Music festival auditions put young musicians on edge
The sound of scales reverberated in the halls of Foran High School on a recent weekend as singers warmed up their voices and instrumentalists prepared to play solos they’d been rehearsing for months.
Tension was high for the high school students who were preparing for the Connecticut Music Educators Association Southern Regional High School auditions.
Scoring high enough would land the students a spot in the Southern Region Music Festival in January in Meriden, and a chance to audition for the state-level festival later. Both are big achievements in the world of high school music.
About 1,000 students from the region descended on Foran High School Saturday for their chance to sit before two judges, by themselves, behind the closed door of a classroom and show their musical skills.
Hallways and rooms were sectioned by instrument or voice: “Soprano sight reading,” read the sign on one door; “trumpet sight reading” read another.
Katelynn Algarin, a Foran student, waited with her oboe outside one classroom for her turn to enter. She’d been practicing her scales and solos since the end of June, and was a bit anxious.
“It’s pretty important to know you got in and to know you accomplished something,” Katelynn said about earning a spot in the festival.
Her music teacher, Jessica Shearer, walked up and offered words of encouragement.
“Just relax,” Shearer said. “Think of who you were then and who you are now. Now you have this passion; go in there focusing on those feelings.”
Katie Buckheit stood across the hall from Katelynn, holding her bassoon. The door opened and she was called inside. Katie looked nervous, and Katelynn said, “Good luck.”
The door closed and the sound of scales seeped through the door as Katie performed her pieces. After about 10 minutes she came back out, smiled and said, “I’m glad it’s over.”
“Now I’m nervous,” she added.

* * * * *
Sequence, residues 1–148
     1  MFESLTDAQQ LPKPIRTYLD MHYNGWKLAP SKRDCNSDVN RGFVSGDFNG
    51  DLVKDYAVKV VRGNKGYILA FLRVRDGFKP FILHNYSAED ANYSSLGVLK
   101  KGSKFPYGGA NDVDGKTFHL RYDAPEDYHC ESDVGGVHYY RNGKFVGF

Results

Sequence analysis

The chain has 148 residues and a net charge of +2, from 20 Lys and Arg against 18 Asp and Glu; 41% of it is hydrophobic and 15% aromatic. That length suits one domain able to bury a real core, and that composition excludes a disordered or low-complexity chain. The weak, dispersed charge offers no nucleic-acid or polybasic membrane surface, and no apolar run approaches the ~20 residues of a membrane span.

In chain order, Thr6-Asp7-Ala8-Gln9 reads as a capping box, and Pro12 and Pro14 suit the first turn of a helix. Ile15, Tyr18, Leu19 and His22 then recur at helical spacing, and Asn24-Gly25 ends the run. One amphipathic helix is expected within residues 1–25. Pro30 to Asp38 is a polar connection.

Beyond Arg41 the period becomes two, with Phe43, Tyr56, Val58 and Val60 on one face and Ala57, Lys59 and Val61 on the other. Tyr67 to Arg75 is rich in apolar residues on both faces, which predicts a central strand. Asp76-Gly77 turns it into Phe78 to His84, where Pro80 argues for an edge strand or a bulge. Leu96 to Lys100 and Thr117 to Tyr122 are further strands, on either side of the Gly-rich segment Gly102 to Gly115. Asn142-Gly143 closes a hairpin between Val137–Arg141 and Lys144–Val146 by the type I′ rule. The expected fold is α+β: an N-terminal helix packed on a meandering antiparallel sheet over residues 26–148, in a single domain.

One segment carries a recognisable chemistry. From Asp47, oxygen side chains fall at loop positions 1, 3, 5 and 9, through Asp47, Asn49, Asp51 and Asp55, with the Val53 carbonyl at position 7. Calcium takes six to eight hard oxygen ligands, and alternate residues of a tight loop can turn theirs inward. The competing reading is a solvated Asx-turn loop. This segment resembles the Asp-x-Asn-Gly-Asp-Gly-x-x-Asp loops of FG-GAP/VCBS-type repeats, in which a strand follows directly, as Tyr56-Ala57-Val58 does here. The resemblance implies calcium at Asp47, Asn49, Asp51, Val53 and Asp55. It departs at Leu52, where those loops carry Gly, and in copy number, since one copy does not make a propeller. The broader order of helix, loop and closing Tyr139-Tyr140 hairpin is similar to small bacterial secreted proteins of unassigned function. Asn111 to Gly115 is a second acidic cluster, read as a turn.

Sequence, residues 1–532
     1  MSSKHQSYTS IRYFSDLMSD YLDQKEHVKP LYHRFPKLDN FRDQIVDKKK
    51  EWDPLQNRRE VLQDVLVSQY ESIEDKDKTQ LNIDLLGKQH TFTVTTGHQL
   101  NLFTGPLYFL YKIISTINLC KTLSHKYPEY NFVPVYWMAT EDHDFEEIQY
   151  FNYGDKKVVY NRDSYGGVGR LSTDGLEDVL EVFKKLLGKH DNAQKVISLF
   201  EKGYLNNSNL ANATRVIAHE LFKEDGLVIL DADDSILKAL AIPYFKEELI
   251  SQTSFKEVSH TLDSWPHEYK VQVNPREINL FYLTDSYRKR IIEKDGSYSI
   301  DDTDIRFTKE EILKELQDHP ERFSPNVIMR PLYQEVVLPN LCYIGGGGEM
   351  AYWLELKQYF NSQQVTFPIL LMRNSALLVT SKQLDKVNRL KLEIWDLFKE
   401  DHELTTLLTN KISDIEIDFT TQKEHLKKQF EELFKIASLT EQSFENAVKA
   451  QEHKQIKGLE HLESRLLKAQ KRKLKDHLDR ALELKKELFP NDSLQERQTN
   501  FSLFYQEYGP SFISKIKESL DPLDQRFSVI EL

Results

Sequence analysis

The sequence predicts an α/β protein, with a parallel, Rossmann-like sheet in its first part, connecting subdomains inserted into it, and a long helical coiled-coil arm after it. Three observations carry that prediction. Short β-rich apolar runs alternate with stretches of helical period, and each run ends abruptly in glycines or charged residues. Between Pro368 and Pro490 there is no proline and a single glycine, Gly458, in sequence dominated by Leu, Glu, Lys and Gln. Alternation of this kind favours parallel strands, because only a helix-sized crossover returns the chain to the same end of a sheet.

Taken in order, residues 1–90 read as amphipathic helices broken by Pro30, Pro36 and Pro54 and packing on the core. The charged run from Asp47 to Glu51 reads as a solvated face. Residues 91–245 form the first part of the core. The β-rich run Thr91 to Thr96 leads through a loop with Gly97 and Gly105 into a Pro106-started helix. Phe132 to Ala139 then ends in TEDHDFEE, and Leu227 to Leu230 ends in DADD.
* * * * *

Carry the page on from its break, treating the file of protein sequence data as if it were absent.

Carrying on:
The two girls chatted a few minutes about the scales the judges asked Katie to play.
“It’s stressful because you don’t know what they’re going to ask you to play,” Katie explained. “It could be a portion of a scale.”
“I started practicing in May,” she added. “So it’s been a long time.”
Shearer had a busy weekend as one of the main movers and shakers behind the weekend auditions at Foran. Schools in the region take turns hosting the event, and it’s a lot of time and coordination to put things together, from scheduling student auditions to lining up the more than 80 judges needed.
“My dad is a judge,” Shearer said with a little laugh. Her father is a retired music teacher.
But it’s worth the effort, she added.
“Somebody did this for me when I was a student,” Shearer said. She made All-States in high school, and the achievement meant a lot.
Generally during an audition, instrumentalists are asked to perform scales, sight read and then perform a solo. In total, the musical tryout lasts about 14 minutes, and then that’s it. Scoring is posted online, and Shearer said that within a few days students know if they made the cut.
In past years, students found out right away if they made it or not, which meant there was a decent amount of crying and other signs of victory and defeat outside the classrooms. This way, with scoring released after the event, there are “no tears,” Shearer said.
Chris Vanacore, a Guilford High School student, and Ryan Gosselin, a Westbrook student, were leaving the high school with confidence around noon Saturday, having already completed their auditions.
“I think I did well,” said Ryan, a trombone player.
Chris plays the saxophone, and his solo was part of Take the A Train.
“I felt like I did between moderately good and very good,” Chris said. “My friends outside the door listening said I did well.”
The two said auditioning for the festival is important because it lets the performer know the level of his skill, and then gives the musician a chance to show off that skill at the festival. From there, making the cut gives musicians a chance to see if they are All-State material.
“And it’s a really big deal to make All-State,” Chris said. “Even to try out for it is a big deal.”